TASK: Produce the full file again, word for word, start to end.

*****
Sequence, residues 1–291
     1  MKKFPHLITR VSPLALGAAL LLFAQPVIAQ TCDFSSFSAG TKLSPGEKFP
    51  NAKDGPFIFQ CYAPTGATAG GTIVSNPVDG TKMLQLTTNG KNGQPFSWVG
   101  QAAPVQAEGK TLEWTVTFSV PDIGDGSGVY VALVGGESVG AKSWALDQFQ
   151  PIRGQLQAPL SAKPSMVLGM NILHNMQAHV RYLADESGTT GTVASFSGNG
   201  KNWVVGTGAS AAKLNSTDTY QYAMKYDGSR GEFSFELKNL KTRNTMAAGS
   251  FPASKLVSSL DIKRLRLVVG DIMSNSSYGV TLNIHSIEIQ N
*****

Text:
Sequence, residues 1–291
     1  MKKFPHLITR VSPLALGAAL LLFAQPVIAQ TCDFSSFSAG TKLSPGEKFP
    51  NAKDGPFIFQ CYAPTGATAG GTIVSNPVDG TKMLQLTTNG KNGQPFSWVG
   101  QAAPVQAEGK TLEWTVTFSV PDIGDGSGVY VALVGGESVG AKSWALDQFQ
   151  PIRGQLQAPL SAKPSMVLGM NILHNMQAHV RYLADESGTT GTVASFSGNG
   201  KNWVVGTGAS AAKLNSTDTY QYAMKYDGSR GEFSFELKNL KTRNTMAAGS
   251  FPASKLVSSL DIKRLRLVVG DIMSNSSYGV TLNIHSIEIQ N